As per experts’ opinion the factors which contribute to the poor performance of the Indian agricultural sector are multi-dimensional, such as: poor access to reliable and timely market information to the farmers, absence of supply and demand forecasting, poorly structured and inefficient supply chains, inadequate cold storage facilities and shortage of proper food processing units, large intermediation between the farmers and the consumers, besides regional disparities are some of the major causes of the losses for the farmers.
The WB report lists that one of the biggest issues facing the agricultural sector in India is low yield: India’s farm yield is 30-50% lower than that of developed nations. Average farm size, poor infrastructure, low use of farm technologies and better farming techniques, decrease in soil fertility due to over fertilisation and sustained pesticide use, are leading contributors to low agricultural productivity.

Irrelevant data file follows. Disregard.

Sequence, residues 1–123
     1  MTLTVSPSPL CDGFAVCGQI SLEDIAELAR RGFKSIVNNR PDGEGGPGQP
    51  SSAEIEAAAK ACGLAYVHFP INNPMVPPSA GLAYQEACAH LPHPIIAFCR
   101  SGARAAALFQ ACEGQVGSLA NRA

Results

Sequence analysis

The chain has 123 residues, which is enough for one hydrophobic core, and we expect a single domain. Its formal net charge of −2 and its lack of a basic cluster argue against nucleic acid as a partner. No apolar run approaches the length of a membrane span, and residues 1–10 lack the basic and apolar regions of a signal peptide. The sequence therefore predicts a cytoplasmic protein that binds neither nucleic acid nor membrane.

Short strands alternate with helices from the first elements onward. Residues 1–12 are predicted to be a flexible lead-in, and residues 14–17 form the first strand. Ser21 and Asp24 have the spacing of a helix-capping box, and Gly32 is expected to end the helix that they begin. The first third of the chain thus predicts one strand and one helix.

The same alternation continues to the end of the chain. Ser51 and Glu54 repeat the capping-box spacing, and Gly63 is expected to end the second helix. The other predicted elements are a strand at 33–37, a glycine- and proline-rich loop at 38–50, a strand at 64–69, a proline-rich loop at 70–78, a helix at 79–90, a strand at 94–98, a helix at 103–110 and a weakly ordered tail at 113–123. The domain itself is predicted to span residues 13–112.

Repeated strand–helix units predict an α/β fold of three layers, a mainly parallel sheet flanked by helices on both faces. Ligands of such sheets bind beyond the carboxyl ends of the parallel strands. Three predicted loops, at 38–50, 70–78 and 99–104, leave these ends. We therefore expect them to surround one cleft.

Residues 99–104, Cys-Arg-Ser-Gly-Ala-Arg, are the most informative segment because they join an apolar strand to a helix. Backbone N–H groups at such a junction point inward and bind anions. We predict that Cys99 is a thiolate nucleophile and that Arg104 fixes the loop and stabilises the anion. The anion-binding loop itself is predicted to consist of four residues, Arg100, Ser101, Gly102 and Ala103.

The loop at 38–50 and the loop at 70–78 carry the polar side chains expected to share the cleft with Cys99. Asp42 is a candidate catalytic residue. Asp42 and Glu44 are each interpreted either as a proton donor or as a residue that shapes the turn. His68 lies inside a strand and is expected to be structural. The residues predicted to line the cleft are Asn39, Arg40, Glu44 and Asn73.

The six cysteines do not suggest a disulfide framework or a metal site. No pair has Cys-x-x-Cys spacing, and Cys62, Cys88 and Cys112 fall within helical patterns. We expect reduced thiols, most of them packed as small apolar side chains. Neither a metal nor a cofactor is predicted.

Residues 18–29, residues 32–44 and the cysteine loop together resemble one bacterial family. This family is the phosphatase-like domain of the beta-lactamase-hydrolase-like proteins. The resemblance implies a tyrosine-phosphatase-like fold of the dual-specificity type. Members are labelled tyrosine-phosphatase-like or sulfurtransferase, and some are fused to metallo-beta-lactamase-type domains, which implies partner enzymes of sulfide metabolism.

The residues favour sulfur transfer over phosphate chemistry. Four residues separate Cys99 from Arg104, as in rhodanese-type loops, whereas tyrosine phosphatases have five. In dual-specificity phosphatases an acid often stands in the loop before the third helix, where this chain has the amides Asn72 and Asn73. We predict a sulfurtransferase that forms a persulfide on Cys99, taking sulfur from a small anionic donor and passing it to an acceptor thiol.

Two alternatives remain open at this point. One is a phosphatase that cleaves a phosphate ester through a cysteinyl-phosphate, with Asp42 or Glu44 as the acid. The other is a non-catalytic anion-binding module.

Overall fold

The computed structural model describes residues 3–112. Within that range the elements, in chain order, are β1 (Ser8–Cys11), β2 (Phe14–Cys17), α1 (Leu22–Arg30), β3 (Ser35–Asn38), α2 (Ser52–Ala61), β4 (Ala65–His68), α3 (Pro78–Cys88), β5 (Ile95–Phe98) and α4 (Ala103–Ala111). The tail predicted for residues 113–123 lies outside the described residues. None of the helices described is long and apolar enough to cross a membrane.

Thus, measures to increase productivity will need increasing yields, diversification to higher value crops, and developing value chains to reduce marketing costs.
The sharp rise in food-grain production during India’s Green revolution of the 1970s enabled the country to achieve self-sufficiency in food-grains and stave off the threat of famine. Agricultural intensification in the 1970s to 1980s saw an increased demand for rural labour that raised rural wages and, together with declining food prices, reduced rural poverty. However agricultural growth in the 1990s and 2000s slowed down, averaging about 3.5% per annum, and cereal yields have increased by only 1.4% per annum in the 2000s. The slow-down in agricultural growth has become a major cause for concern. India’s rice yields are one-third of China’s and about half of those in Vietnam and Indonesia. The same is true for most other agricultural commodities.